Submitted September 4, 1963.
Answer returned September 30, 1963.
1. The advisory duty of the Justices of the Supreme Court under Const., Pt. II, Art. 74 does not ordinarily require them to furnish opinions after the General Court has adjourned. However, opinions may be furnished where requested for guidance at a possible special session of the Legislature or at the next regular one. 2. Where a section of a town was incorporated as an independent town after the apportionment of representatives according to the last general census as provided by the Const., Pt. II, Art. 9th, the Legislature may not constitutionally authorize the election of a representative by such town before the next general census.
The following resolution was adopted by the House of Representatives June 27, 1963 and filed in this court on June 28, 1963:
"Whereas, Senate Bill No. 119, An Act providing for representative to the General Court from the town of Sugar Hill, is pending before the House of Representatives, and
"Whereas, the town of Sugar Hill did not exist in 1960 so as to be included in the federal census, and
"Whereas, the town of Sugar Hill was created by separation from the town of Lisbon and incorporated by act of the General Court of New Hampshire in 1961, and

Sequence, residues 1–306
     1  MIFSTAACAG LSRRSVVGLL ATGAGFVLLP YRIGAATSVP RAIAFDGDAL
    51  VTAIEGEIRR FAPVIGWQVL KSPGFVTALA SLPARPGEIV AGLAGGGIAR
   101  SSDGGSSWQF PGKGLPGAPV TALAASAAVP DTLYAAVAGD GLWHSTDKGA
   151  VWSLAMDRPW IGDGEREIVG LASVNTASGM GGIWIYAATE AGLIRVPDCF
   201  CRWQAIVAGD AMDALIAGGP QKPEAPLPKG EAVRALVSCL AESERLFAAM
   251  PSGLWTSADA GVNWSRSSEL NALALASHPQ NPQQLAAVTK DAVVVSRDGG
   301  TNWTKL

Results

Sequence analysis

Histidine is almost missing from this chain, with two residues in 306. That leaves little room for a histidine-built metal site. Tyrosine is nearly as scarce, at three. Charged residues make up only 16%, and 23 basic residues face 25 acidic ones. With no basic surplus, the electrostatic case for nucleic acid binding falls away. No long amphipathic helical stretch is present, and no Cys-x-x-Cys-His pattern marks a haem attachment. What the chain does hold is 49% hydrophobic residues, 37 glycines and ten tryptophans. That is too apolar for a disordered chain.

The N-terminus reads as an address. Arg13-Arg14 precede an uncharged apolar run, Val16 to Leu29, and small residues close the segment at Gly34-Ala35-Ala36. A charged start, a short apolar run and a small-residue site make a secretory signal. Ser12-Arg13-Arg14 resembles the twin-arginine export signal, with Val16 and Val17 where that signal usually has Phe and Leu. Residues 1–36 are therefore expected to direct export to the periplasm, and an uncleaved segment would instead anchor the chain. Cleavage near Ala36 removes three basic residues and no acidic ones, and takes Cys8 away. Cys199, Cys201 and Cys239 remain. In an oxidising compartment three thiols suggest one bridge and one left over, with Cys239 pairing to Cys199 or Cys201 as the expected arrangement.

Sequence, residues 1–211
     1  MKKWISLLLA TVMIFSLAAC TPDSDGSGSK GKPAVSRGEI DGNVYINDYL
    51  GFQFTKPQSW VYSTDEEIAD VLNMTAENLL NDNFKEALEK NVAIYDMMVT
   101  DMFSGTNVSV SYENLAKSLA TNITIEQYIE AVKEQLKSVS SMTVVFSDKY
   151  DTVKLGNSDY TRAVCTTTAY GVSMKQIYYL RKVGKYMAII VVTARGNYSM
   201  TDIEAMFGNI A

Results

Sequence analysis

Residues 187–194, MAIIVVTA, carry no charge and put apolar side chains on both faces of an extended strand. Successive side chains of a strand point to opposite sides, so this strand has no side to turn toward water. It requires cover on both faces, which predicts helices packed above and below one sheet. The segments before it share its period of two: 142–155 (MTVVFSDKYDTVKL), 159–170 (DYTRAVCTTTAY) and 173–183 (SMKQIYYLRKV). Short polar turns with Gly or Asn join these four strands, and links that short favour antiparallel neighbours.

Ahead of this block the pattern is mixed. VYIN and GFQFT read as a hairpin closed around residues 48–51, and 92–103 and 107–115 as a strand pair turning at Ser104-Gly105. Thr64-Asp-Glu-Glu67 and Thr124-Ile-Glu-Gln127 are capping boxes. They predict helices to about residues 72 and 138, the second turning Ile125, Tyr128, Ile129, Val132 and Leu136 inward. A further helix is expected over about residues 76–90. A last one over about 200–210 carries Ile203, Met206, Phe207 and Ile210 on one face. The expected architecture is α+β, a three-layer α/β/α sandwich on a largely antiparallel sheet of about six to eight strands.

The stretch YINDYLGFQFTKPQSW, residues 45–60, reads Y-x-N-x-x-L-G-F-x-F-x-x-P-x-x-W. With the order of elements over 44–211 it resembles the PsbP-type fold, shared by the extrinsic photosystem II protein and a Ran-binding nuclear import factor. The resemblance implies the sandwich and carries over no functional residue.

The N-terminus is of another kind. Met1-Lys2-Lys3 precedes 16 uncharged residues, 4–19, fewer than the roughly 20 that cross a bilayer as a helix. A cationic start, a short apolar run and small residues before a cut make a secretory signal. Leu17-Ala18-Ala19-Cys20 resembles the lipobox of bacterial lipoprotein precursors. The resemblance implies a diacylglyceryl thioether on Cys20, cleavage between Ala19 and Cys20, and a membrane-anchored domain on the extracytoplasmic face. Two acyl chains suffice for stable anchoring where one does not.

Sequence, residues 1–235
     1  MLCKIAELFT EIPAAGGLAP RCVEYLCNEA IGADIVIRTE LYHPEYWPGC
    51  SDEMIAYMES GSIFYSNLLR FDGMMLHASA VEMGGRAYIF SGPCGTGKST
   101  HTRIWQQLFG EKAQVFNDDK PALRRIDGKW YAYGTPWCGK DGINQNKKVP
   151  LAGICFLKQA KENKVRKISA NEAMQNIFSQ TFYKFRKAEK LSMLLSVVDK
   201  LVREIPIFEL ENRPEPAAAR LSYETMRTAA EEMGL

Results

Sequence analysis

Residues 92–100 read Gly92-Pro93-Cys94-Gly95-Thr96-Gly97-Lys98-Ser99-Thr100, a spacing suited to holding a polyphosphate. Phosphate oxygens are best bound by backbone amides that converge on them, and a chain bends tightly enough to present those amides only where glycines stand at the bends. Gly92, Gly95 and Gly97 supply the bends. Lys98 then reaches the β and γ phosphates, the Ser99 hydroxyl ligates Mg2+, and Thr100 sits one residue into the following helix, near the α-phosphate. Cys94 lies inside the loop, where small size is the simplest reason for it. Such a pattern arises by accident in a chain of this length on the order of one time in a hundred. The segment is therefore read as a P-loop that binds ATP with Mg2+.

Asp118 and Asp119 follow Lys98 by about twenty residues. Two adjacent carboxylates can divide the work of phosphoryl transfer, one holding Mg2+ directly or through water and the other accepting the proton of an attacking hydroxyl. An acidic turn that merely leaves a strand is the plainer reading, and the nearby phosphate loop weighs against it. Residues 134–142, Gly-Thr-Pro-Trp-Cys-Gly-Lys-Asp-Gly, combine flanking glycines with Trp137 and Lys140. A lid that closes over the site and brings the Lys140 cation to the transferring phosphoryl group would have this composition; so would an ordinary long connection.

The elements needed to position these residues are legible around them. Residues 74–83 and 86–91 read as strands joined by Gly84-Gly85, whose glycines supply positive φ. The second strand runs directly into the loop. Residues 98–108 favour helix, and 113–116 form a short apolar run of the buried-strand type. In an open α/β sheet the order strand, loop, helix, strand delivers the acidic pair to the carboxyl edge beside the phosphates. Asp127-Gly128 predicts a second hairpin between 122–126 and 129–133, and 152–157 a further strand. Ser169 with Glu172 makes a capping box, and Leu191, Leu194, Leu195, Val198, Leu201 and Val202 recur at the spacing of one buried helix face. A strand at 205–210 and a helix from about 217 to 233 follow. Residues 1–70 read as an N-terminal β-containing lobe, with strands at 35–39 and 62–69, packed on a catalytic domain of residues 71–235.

"Whereas, in the year of 1966 the presently entitled cities, wards and towns may elect a total of 399 representatives, and
"Whereas, it is apparent that there is one or more inhabitants of said town so that it would be entitled to representation in at least one session in every ten years, and
"Whereas, Senate Bill No. 119 would authorize the election of one representative in the year 1966, and
"Whereas, questions have arisen as to the constitutionality of said act, and
"Whereas, it is imperative that the town of Sugar Hill obtain the answers to these questions before the next Constitutional Convention on the second Wednesday of May 1964, so that appropriate action may be taken in the event Sugar Hill is not entitled to a representative until 1970. Now therefore be it
"Resolved that the Justices of the Supreme Court be respectfully requested to give their opinion upon the following questions of law:
"1. Is it constitutionally competent for the General Court to authorize an election by the town of Sugar Hill for a representative in the year 1966 when there was no census of said town in 1960, under Article 9 of Part Second of the Constitution of New Hampshire?
"2. Is it constitutionally competent for the General Court to authorize said election under Article 9 of Part Second of the Constitution of New Hampshire wherein it is specified — `in making such apportionment no town shall be divided?'
"3. Is the presently unknown number of inhabitants of the town of Sugar Hill as bearing on the requisite number established for one representative a bar under Article 11 of Part Second of the Constitution of New Hampshire? Be it further
"Resolved, that the Speaker transmit seven copies of this resolution and of Senate Bill No. 119 to the Clerk of the Supreme Court for consideration by said court."
The following answer was returned:
To the House of Representatives:
It was evident from your resolution that an answer returned at some reasonable time before the Constitutional Convention of May 1964 would meet the needs of the Legislature, which adjourned on July 1, 1963. Hence no attempt was made to furnish an answer before adjournment.